Portals to Canaan does one better, which is that it attempts to make these riffs work with another. This leads to a sort of game: how outlandish can we be and still pull it off? As a result, the guitar fireworks immediately dive into almost paranoid riffs that despite being primitive show a delicate sensibility of avoiding predictability. Deeds of Flesh love breakneck tempi, but even more, they love to break up patterns, transition through a series of barely related ideas, and then return to the original. Tempo changes explode, riffs invert themselves, and guitars chase each other oblivion and emerge in harmony.
The primary downside of this album is that it borrows from both deathgrind and tek-deth, which both include tropes that are aesthetically annoying. Deathgrind has the chromatic chugging advance while the vocals chant in double time, and tek-deth has its video-game-sound sweeps and noodly squeal riffs. Deeds of Flesh try to minimize this whenever possible, but rely on it frequently enough that it is hard to overcome. What is great about this album however is that it is able to unite its wide variety with the riffs themselves, like an old school band, and not fall into the nu-death trap of being so divergent that the only unification can be found through return to very standard song forms after short deviations.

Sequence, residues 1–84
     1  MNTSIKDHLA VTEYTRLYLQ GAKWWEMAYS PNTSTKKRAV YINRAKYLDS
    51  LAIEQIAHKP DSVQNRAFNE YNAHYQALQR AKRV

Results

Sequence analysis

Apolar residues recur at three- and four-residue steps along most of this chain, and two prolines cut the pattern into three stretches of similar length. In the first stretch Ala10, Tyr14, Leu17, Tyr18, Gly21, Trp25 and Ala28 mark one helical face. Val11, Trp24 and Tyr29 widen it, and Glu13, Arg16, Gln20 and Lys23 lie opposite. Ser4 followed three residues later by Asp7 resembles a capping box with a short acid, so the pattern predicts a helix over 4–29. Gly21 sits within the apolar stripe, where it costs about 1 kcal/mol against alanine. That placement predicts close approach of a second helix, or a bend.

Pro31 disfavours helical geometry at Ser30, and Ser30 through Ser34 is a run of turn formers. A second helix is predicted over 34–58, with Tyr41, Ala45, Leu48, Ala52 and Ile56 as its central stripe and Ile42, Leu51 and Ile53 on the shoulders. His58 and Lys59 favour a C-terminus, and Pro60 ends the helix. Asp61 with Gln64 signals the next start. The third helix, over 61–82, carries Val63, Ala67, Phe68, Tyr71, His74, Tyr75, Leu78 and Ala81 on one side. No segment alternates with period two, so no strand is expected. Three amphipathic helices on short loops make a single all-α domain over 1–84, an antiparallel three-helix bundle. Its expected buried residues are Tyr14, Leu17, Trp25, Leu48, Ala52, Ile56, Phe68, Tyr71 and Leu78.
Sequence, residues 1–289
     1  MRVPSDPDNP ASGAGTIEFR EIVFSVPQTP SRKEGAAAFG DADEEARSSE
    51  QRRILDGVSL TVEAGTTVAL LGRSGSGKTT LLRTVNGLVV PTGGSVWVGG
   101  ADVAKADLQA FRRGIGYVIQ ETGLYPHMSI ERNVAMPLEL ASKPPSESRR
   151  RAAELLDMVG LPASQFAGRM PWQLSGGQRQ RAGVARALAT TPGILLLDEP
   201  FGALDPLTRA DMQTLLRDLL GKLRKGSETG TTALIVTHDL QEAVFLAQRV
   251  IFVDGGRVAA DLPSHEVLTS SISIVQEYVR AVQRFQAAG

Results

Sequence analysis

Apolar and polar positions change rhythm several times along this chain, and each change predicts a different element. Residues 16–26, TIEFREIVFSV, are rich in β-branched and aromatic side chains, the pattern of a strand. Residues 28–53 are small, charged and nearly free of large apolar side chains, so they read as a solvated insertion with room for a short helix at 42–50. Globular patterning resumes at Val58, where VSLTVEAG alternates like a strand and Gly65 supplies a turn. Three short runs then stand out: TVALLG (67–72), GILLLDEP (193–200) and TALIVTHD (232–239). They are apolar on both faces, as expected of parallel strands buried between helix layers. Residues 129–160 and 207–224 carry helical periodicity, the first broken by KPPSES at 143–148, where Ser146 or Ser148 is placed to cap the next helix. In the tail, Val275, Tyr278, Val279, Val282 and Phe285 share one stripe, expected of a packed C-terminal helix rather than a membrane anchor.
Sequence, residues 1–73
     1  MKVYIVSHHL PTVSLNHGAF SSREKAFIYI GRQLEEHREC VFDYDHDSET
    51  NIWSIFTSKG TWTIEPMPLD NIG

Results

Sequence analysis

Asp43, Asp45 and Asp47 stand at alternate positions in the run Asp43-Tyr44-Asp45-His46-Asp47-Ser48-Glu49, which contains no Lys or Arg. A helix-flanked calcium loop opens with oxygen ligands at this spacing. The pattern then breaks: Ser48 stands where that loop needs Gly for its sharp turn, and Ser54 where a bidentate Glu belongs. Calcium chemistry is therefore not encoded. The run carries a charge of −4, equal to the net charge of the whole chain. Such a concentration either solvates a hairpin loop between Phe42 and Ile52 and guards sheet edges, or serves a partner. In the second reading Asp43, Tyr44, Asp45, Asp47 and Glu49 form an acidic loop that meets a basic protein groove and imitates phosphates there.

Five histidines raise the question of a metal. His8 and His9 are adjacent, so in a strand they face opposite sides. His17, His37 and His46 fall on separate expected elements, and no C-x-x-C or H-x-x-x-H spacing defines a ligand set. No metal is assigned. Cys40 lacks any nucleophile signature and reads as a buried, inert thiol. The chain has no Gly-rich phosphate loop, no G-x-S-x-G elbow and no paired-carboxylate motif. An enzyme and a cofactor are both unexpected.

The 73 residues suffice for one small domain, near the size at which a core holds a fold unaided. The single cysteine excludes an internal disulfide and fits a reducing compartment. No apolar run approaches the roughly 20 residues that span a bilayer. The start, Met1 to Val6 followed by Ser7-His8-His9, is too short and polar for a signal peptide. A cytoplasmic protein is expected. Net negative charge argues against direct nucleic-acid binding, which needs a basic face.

Culminating in the epic track “Orphans of Sickness,” Deeds of Flesh Portals to Canaan offers a credible attempt to find a new path through metal. I’d rather they dropped the deathgrind and modern metal and focused solely on inheriting the other techniques they have innovated over the years, but Deeds of Flesh have converted some annoying modern metal tendencies into fertile techniques and shown how old school metal’s approach to gluing riffs together to make sensible songs can overwhelm even the modern metal influence. In addition, the use of ambient sound and innovative song construction makes this release a good listen, even if as I do you wince at the core/grind parts.8 Comments